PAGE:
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This robot-tended vertical farm will grow 1,000 metric tons of greens per year

Whether it’s autonomous tractors or weed-killing robots, the world of farming has certainly changed a whole lot in recent years. In few places is it more different, however, than at a new vertical farm just outside Copenhagen, Denmark. The hydroponic farm, which boasts 75,000 square feet of densely packed shelves, 14 shelves high, promises to grow close to 1,000 metric tons of pesticide-free, carbon-neutral produce every year.

Anders Riemann, founder of the startup Nordic Harvest, told Digital Trends that this is the future of sustainable farming as we know it. Entirely powered with renewable wind energy from windmills, and with zero environmental damage to nearby streams and rivers, the farm could well prove to be the model of agriculture in the decades to come. Because it’s indoors, where all the conditions can be perfectly fine-tuned, it can produce high-quality food year-round, without having to worry about problems like pests, frosts, draughts, or any of the other issues that could usually affect a farmer’s crops. This, in turn, opens up the opportunity for agricultural land that’s presently used for farming to be turned back into forests.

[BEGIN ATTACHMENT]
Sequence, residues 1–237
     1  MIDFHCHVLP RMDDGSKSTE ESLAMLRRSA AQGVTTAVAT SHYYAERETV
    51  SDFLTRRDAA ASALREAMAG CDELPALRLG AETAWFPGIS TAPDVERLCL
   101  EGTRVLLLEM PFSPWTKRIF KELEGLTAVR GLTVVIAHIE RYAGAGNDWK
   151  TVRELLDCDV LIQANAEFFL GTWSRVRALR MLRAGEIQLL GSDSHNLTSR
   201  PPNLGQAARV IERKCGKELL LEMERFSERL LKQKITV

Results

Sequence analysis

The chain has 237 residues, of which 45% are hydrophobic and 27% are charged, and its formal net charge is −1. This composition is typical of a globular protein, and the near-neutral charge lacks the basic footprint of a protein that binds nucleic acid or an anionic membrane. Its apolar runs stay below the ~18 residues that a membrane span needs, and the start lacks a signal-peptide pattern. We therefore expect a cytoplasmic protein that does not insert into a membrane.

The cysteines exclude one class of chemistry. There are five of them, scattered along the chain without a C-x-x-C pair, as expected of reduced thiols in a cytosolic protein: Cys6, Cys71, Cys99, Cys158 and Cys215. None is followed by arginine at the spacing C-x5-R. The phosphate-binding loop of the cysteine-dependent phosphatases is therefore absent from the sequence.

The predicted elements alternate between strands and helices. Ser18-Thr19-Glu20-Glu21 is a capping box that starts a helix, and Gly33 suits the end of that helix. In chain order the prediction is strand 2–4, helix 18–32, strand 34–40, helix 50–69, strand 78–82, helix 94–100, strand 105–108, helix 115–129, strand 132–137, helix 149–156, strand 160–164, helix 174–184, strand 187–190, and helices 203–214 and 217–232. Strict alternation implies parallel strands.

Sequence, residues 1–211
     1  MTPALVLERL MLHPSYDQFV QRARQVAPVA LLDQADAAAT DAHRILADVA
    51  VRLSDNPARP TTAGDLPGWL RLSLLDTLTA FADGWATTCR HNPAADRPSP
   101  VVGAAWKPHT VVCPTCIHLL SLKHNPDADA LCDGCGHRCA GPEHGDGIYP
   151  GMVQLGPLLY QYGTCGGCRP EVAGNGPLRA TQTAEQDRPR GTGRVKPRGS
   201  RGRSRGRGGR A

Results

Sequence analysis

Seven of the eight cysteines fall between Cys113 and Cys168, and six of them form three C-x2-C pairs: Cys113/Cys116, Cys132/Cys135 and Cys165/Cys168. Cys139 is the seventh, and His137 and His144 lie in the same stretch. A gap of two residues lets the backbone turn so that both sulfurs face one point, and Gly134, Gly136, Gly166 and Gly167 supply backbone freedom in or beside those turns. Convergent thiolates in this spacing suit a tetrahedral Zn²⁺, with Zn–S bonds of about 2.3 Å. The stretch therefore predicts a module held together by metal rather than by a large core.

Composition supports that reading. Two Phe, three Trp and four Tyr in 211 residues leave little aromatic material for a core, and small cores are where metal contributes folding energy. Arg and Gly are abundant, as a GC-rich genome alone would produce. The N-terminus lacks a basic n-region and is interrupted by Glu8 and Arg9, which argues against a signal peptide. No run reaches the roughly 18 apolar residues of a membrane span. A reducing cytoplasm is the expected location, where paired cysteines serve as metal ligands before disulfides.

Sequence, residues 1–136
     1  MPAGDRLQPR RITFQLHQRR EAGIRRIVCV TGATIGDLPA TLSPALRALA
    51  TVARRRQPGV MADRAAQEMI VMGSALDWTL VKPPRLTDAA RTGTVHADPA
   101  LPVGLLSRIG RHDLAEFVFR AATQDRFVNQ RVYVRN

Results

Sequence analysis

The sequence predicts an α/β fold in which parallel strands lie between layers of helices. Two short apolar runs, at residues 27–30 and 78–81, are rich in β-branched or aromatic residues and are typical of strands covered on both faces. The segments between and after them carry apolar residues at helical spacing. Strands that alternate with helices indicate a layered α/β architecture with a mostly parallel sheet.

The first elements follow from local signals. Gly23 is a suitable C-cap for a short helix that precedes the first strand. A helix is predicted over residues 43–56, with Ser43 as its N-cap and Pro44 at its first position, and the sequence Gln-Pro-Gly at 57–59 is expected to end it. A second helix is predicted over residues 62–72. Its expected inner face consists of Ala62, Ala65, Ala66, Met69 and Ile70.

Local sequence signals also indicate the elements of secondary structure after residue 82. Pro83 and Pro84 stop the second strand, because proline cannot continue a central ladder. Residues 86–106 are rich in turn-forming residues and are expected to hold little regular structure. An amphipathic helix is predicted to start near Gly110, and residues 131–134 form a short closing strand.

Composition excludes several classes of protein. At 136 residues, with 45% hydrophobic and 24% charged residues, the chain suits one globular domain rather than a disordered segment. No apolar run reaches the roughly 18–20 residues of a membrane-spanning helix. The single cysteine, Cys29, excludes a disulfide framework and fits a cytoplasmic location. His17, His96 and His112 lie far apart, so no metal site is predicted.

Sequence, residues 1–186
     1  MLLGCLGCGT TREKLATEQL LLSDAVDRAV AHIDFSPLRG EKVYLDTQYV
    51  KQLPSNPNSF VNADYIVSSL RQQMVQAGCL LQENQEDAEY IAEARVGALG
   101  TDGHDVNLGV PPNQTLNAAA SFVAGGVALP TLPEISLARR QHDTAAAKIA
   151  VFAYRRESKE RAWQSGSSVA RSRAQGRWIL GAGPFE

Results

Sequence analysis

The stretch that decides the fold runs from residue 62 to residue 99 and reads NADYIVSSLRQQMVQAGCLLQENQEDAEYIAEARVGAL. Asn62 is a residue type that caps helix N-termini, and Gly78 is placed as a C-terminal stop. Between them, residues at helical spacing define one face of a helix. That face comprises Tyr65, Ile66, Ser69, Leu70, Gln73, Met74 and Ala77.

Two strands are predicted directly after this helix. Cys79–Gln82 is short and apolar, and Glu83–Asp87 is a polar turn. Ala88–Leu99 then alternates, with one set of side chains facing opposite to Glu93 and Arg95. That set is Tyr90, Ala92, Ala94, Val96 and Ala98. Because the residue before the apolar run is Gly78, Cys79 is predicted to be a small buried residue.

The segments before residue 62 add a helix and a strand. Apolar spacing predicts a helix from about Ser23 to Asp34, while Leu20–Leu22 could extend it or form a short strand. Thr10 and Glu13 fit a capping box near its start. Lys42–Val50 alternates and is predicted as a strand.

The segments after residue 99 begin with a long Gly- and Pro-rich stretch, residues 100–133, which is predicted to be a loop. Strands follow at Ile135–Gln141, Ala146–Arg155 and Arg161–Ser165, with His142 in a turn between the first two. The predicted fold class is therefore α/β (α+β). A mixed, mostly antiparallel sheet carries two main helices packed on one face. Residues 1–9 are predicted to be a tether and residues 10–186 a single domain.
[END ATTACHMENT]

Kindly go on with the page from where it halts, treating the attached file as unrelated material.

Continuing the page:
“Denmark [has] a lot of wind power, and especially at night, the demand for energy is not meeting the supply, therefore [it] is a perfect match between sustainable agriculture [for] food production and renewable energy,” Riemann said.

Nordic Harvest
Nordic Harvest

It’s not just the stacked, vertical shelves of fresh greens growing indoors that make Nordic Harvest’s farm look a world away from your classic farm, either. Everything inside the facility is bathed under glowing LED lights, designed by the company, while the plant seeds are planted and their progress inspected by automated robotic systems. Although this is far from the first time we’ve written about vertical farming solutions, this is certainly one of the biggest such projects to date. The facility was created in partnership with the Taiwanese company YesHealth Group.

“The produce will be available via supermarkets and food services — hotels, restaurants, and canteens — in February 2021,” said Riemann.

There are plans to expand these farms elsewhere in the world. Potential  locations will include other parts of Europe, plus Singapore, Dubai, South Africa, Saudi Arabia, and the Philippines.

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Luke Dormehl
I'm a UK-based tech writer covering Cool Tech at Digital Trends. I've also written for Fast Company, Wired, the Guardian…
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